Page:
• Provide opportunity for students to apply and share their experience and knowledge of subject matter: encourage students to draw upon work experience or existing knowledge. For example in a discussion question activity, include opportunity for students to share their experiences as applicable to the topic. Doing so can be as simple as adding another component to a discussion question where students incorporate examples from their personal or work experience.
  • Create opportunities where students research and/or share how (select) course concepts apply to real world scenarios or situations. This can be done within a discussion forum activity, a blog post assignment, written reflection activity or other type of written assignment. Alternatively, assignments can be based upon a real world challenge or problem the student is facing within their work, community or personal situation. As discussed earlier, the key is to highlight to for students why they are doing the activity—even though it may seem obvious. An example of how a question might be framed—here’s how a question from an undergraduate course in nursing might read “…to demonstrate how (concepts) apply to current situation in clinical setting, describe how this would be integrated…”.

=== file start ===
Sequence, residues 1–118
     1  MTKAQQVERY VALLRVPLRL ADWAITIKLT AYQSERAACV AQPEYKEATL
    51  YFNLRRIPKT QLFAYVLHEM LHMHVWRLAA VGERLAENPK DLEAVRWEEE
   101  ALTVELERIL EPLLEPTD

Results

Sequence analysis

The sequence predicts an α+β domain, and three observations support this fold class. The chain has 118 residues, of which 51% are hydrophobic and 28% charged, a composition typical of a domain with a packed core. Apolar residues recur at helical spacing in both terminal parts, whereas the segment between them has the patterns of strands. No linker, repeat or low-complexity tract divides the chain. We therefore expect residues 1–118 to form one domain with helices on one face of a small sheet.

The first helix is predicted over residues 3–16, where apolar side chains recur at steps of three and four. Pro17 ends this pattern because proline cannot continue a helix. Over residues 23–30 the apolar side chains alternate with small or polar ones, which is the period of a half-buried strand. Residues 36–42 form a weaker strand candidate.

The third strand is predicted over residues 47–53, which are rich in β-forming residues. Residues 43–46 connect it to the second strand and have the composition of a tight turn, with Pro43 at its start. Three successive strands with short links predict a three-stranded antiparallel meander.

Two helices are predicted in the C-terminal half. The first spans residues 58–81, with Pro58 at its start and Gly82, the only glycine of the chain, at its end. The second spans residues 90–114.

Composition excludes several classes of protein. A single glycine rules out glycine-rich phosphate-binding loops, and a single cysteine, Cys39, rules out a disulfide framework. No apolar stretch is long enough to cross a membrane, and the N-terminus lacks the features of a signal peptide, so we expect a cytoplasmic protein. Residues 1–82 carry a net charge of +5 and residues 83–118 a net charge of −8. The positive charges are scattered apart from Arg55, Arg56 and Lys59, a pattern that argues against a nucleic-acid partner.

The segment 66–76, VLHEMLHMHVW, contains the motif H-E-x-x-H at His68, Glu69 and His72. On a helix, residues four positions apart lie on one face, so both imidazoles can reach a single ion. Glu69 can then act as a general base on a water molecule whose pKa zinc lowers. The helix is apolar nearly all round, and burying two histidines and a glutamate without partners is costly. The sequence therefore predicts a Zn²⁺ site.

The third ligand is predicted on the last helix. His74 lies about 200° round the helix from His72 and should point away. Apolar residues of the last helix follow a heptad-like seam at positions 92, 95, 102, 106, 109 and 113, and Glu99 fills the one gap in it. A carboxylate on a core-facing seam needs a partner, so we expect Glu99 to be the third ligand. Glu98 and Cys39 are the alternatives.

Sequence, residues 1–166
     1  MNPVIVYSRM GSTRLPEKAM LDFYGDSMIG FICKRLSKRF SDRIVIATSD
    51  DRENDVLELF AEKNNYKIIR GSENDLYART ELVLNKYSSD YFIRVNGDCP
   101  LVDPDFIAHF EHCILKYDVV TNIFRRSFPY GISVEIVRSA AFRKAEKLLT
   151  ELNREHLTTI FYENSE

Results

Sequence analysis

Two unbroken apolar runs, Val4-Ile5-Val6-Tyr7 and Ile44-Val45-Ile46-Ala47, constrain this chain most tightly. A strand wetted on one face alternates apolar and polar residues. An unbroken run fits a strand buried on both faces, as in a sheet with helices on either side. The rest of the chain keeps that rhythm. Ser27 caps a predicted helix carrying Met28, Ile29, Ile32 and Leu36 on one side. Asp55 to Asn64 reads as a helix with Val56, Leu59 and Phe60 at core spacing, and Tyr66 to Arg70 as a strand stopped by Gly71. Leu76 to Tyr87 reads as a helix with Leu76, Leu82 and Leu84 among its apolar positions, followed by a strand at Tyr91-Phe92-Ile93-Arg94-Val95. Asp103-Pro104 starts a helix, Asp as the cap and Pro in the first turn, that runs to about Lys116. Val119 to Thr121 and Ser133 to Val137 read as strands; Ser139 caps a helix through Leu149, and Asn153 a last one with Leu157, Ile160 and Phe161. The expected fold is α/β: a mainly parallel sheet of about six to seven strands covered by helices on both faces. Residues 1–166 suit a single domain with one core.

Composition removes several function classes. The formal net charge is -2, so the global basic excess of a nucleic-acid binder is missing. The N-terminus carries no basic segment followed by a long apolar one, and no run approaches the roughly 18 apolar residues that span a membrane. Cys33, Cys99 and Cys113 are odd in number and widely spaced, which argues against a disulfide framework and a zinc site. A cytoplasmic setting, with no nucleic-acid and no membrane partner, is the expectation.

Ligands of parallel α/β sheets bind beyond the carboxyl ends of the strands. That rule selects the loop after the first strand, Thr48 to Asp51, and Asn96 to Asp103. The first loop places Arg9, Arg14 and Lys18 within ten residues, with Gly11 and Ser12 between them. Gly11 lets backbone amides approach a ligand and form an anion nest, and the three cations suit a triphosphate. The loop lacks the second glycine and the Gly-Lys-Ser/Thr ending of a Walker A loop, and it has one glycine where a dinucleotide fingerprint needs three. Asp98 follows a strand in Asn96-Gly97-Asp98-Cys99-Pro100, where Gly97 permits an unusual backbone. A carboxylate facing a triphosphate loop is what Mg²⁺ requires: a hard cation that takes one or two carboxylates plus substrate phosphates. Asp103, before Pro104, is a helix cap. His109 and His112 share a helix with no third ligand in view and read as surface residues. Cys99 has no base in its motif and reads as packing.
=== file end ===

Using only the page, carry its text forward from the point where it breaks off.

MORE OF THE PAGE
Closing Thoughts
Making learning matter to learners does matter; where learning is relevant and applicable, especially for adult students. Considering adult learner characteristics is good practice that can lead to motivated and engaged students. Yet online learning does require a different approach than used for face-to-face settings—one that considers characteristics not only of the students, but the medium. The strategies outlined here are a starting point.

References

How-to Encourage Online Learners to take Responsibility for their Own Learning